What should I look out for when evaluating an HOA?
Before you close on a home, you should make sure that you are given the opportunity to review the HOA documents by setting up a contingency. When looking through the documents, pay close attention to the:
CC&Rs (Covenants, Conditions, & Restrictions), which lay out what are HOA responsibilities and what are owner responsibilities. Read through and figure out - who is responsible for exterior repairs? What about interior repairs? How is responsibility for a shared wall or utility connection divided between owners? Are there restrictions on what an owner can do to make improvements to the interior or exterior of their property? What about rental restrictions? Short-term rental (Airbnb) restrictions?
Annual Budget Report and Financial Statements. Are there any planned dues increases? What about special assessments? How do the HOA's reserves look? Are there a lot of members who are delinquent on dues? Is the HOA spending more each month or year than they have been collecting? Has the accounting firm that reviewed the HOA's finances and produced the report flagged any potential issues or problems?
Rules and Policy Statements. Are there rules on solar installations? Electrical vehicle chargers? Holiday decorations? What are the pool or gym rules? Are there rules or limits on how many people can have copies of keys or key cards? How much time are you allowed to fix any violations? How much would you be fined for a violation? What are your options for paying your dues? Check only? Wire transfers only? Is there a website online where you can find association documents and communicate with the HOA management?
Insurance Disclosure. Does the HOA's master insurance policy (if they have one - Condos MUST have one) look like it has sufficient coverage?
Disclosed Litigation. Is the HOA involved in any litigation? What is the litigation about? Did the litigation reveal issues with construction defects? Do the HOA's lawyers think the litigation could be a risk to the HOA's ability to operate? (HOAs will have their lawyers prepare a letter to owners to summarize litigation so that it can be provided to lenders and potential buyers.)
Meeting Minutes and Newsletters. Have there been consistent safety or maintenance problems that haven't been resolved? Are members voicing security concerns often? Are there unpopular policies that members have voiced displeasure with? Were those policies changed?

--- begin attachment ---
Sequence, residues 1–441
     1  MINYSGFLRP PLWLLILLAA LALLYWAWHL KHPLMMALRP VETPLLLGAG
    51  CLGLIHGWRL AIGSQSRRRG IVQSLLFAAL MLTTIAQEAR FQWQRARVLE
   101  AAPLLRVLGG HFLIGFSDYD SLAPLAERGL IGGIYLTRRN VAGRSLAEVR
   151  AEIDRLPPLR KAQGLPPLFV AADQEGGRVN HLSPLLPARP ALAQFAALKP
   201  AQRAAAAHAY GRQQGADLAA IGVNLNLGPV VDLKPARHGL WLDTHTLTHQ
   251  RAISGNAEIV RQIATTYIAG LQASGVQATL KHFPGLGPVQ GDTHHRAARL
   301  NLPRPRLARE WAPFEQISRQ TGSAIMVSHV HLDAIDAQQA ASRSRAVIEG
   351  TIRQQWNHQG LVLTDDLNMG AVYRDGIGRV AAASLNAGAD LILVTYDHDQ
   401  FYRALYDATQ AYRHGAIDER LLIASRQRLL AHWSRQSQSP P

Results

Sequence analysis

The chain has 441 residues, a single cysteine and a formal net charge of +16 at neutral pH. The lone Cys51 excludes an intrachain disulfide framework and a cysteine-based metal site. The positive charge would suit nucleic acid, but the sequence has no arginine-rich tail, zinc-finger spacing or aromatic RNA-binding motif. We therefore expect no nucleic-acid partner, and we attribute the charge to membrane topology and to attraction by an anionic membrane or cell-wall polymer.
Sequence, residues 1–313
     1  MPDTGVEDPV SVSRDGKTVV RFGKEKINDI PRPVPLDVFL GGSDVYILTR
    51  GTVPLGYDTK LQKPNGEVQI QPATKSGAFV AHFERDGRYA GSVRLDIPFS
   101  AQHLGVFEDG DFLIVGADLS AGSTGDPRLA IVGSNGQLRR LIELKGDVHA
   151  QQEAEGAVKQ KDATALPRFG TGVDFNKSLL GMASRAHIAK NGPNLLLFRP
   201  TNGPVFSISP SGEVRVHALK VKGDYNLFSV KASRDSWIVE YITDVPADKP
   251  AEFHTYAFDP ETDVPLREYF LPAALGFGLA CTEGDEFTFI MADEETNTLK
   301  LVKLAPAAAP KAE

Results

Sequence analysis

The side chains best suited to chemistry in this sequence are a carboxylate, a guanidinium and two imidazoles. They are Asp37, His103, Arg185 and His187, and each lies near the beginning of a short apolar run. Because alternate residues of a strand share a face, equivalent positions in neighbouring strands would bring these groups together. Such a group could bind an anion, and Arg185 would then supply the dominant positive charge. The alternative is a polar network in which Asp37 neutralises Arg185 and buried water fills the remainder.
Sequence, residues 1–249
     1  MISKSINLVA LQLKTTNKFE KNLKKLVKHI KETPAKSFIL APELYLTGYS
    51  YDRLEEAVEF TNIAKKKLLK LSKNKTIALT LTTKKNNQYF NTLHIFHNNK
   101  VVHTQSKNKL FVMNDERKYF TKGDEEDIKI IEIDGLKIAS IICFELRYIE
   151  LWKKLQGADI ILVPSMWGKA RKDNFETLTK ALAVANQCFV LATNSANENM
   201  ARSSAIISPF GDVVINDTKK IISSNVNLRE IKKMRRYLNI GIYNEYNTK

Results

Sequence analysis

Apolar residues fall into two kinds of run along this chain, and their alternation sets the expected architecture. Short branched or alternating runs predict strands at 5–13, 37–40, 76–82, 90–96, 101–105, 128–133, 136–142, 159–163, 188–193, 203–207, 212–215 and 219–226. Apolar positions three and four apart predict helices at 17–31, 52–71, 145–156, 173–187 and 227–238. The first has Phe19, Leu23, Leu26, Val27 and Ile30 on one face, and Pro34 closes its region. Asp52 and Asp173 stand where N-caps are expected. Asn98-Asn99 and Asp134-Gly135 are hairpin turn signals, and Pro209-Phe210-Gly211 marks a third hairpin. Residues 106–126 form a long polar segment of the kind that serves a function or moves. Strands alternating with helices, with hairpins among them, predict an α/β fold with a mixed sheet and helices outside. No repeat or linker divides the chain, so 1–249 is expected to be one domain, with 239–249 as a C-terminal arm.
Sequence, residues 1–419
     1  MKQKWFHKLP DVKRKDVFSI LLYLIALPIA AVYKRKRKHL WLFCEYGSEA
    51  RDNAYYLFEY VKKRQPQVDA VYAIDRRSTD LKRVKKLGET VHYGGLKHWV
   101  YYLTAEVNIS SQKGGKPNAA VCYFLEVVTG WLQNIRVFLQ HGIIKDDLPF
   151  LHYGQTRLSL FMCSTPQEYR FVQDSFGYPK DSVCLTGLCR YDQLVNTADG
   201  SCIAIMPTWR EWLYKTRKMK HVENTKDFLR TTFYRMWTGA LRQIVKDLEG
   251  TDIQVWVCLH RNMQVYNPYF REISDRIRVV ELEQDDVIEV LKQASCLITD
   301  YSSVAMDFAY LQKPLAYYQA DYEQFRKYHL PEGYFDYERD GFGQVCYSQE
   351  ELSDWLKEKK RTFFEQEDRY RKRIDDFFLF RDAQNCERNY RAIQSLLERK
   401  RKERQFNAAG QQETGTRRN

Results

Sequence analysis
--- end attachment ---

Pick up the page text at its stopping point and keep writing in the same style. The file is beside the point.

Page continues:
If any of these bring up problems, you will need to closely think about whether the property and its HOA makes sense for you. Remember, the HOA is not optional- even if the property itself is perfect, a bad HOA or one with problems can mean a less-than-pleasant living experience, or difficulty reselling the property later.
So should I move into this place with an HOA?
That depends on your own personal preferences. Are you happy to make the cost and flexibility trade-off for access to amenities and services? Do you want to live in a cohesive community with agreed-upon rules, or would you rather live someplace where you have more of a say in what you can or can't do in your property? Could you absorb the HOA dues fees if they increased? The answers to those questions can help you decide whether to go through with the purchase of the $800/month HOA dues condo.
To ensure that the buyer (and lender) is paying a fair amount for the home, buyers insert an appraisal contingency, which allows the buyer the ability to walk away from the purchase without penalty if the appraisal returns a value lower than a set value (usually the purchase price). Aside from walking away, the buyer can renegotiate for a lower price with the seller, request that their lender make an exception, and approve their loan as if the property had appraised to match the purchase price or make up the difference between the purchase price and appraised value via their own funds. In most cases, if the buyer makes use of the appraisal contingency to walk away, they are likely to receive a complete refund of their earnest money. However, buyers must be cautious and include this in the contract to avoid problems at a later stage.
Marta decided to back out from the sale via the appraisal contingency after the home was valued below the purchase price.